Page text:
A fungal pathogen, Zoophthora phytonomi, also provides natural control of larvae, but it is most effective only in warm and moist environments and, as such, likely is not an important biological control agent of alfalfa weevil in North Dakota.

A study by Tatyana Rand of the U.S. Department of Agriculture-Agricultural Research Service Laboratory in Sidney, Mont., found an average parasitism rate by B. curculionis of 37.2 percent in the North Dakota/Montana border region.

Natural enemies have the potential to keep alfalfa weevil from reaching economic levels. Therefore, insecticides should be used only when necessary.

Cultural Control

Cutting typically occurs soon after alfalfa reaches the early bud stage. At this time, continued feeding by larvae may not be great enough to warrant the cost of insecticide application. Early cutting is recommended when alfalfa has reached 50 percent budding and alfalfa weevil larvae have reached the economic threshold.

If economic alfalfa weevil infestations are observed, early cutting (hay) is one of the best strategies for mitigating alfalfa weevil damage.

Bale windrowed alfalfa as soon as possible to expose larvae that are sheltering under the windrows.

Another cultural control strategy is to maintain stand health through recommended agronomic practices. Please refer to NDSU Extension Service publication R571 (revised), “Alfalfa Management in North Dakota,” for information.

Chemical Control

When insecticidal control is necessary, pay particular attention to the preharvest intervals (PHI) and pre-grazing intervals (PGI) on the product label. The decision on which product to use should be based on when you intend to cut or graze the crop.

Also, note that products that have a long PHI do not necessarily have long residual insect control activity. For example, chlorpyrifos (an organophosphate) applied at greater than 1 pint per acre has a PHI/PGI of 21 days, but residual activity realistically can be expected for only seven days. Zeta-cypermethrin (a pyrethroid) applied at the low or high rate has a PHI/PGI of three days, yet should provide 10 to 14 days of residual control activity.

Another important consideration is pollinator safety. Most insecticide labels now carry “bee language” such as “do not apply when crop is in bloom” or “do not apply when bees are actively foraging.” When spraying any insecticide in alfalfa, be sure to observe pollinator safety. Only apply insecticides early in the morning or late in the evening when bees are not present.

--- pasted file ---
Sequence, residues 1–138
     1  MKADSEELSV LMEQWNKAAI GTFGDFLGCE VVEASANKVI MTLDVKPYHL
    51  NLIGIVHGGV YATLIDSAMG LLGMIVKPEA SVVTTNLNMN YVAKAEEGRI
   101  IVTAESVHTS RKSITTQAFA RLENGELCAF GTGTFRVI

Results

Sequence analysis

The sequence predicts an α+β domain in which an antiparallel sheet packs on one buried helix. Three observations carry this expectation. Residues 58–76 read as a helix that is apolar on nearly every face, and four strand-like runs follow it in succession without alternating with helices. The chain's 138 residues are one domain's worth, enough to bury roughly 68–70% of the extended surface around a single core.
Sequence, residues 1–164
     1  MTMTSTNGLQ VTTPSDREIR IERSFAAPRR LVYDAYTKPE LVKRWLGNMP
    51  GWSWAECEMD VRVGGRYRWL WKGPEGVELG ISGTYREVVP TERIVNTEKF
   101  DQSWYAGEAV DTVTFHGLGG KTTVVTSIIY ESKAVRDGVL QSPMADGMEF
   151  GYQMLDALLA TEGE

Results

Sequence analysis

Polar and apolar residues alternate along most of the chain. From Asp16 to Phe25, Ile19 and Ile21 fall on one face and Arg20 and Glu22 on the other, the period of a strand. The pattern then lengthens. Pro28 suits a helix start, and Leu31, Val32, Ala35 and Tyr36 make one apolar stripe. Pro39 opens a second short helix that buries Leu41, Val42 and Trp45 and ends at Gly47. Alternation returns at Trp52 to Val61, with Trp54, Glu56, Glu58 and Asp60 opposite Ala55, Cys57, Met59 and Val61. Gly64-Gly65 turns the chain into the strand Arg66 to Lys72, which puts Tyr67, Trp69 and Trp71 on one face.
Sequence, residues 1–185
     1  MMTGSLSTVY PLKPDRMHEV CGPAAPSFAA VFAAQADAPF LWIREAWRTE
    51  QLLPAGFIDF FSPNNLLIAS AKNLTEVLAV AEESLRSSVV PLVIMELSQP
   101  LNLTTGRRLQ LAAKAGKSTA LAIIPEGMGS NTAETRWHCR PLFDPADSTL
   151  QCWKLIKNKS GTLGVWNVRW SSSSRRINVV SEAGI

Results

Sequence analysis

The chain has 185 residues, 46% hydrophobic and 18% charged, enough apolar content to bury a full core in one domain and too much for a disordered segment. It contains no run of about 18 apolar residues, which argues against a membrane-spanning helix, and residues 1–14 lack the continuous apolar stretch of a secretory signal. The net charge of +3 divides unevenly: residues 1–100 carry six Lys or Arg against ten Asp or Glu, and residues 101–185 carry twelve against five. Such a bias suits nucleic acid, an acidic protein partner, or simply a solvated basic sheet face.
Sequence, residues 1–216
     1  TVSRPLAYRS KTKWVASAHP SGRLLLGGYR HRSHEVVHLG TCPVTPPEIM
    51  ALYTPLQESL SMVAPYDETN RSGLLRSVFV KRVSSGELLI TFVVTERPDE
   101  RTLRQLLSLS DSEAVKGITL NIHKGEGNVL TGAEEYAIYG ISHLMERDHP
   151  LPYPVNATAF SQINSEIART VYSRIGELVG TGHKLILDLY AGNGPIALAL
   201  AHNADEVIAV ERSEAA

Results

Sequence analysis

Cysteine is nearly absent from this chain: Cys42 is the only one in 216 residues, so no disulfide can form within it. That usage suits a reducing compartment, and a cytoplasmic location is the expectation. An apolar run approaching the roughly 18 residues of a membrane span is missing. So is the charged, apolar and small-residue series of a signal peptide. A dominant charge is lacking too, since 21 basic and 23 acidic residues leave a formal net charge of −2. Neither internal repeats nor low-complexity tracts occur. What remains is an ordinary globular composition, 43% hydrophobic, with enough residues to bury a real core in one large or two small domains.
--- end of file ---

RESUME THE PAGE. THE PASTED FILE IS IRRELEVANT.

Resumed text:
The following table lists insecticides registered for use in alfalfa in North Dakota for control of alfalfa weevil (Table 3). Trade names are given as examples only and do not imply endorsement of one product over another nor discrimination against any product by NDSU Extension.

Table 3

Selected References

Bryan, M.D., R.J. Dysart and T.L. Burger. 1993. Releases of introduced parasites of the alfalfa weevil in the United States, pp. 1-203. USDA-APHIS Series, Miscellaneous Publications No. 1504.

Cook, K.A., S.T. Ratcliffe, M.E. Grey and K.L. Steffey. 2004. Alfalfa Weevil.

Danielson, S., T. Hunt and K. Jarvi. Managing the Alfalfa Weevil. 2006. University of Nebraska-Lincoln Extension, Institute of Natural Resources publication G1208 (revised).

Giles, K., J.J. Obrycki, M. Rice, L. Pedigo and S. Barnhart. 1999. Integrated Pest Management of Alfalfa Insects in the Upper Midwest. Leopold Center for Sustainable Agriculture, Publication IPM-58. Iowa State University, Ames.

Harcourt, D.G. 1981. A thermal summation model for predicting seasonal occurrence of the alfalfa weevil, Hypera postica (Coleoptera: Curculionidae), in southern Ontario. The Canadian Entomologist 113: 601-605.

Peterson, R.K.D., S.D. Danielson and L.G. Higley. 1993. Yield responses of alfalfa to simulated alfalfa weevil injury and development of economic injury levels. Agronomy Journal 85: 595-601.

Peterson, R.K.D., and S.J. Meyer. 1995. Relating degree-day accumulations to calendar dates: alfalfa weevil (Coleoptera: Curculionidae) egg hatch in the north central United States. Environmental Entomology 24: 1404-1407.

Radcliffe, E.B., and K.L. Flanders. 1998. Biological control of alfalfa weevil in North America. Integrated Pest Management Reviews 3: 225-242.

Rand, T. 2013. Host density drives spatial variation in parasitism of the alfalfa weevil, Hypera postica, across dryland and irrigated alfalfa cropping systems. Environmental Entomology 42: 116-122.

This publication was authored by

Patrick B. Beauzay, State IPM Coordinator and Research Specialist, NDSU
Janet J. Knodel, Extension Entomologist, NDSU
G.A.S.M. Ganehiarachchi, Senior Lecturer, Department of Zoology, University of Kelaniya, Sri Lanka

Printing is being supported by the Great Plains Plant Diagnostic Network grant from a subcontract under the USDA-NIFA.

NDSU Extension

(Revised June 2018)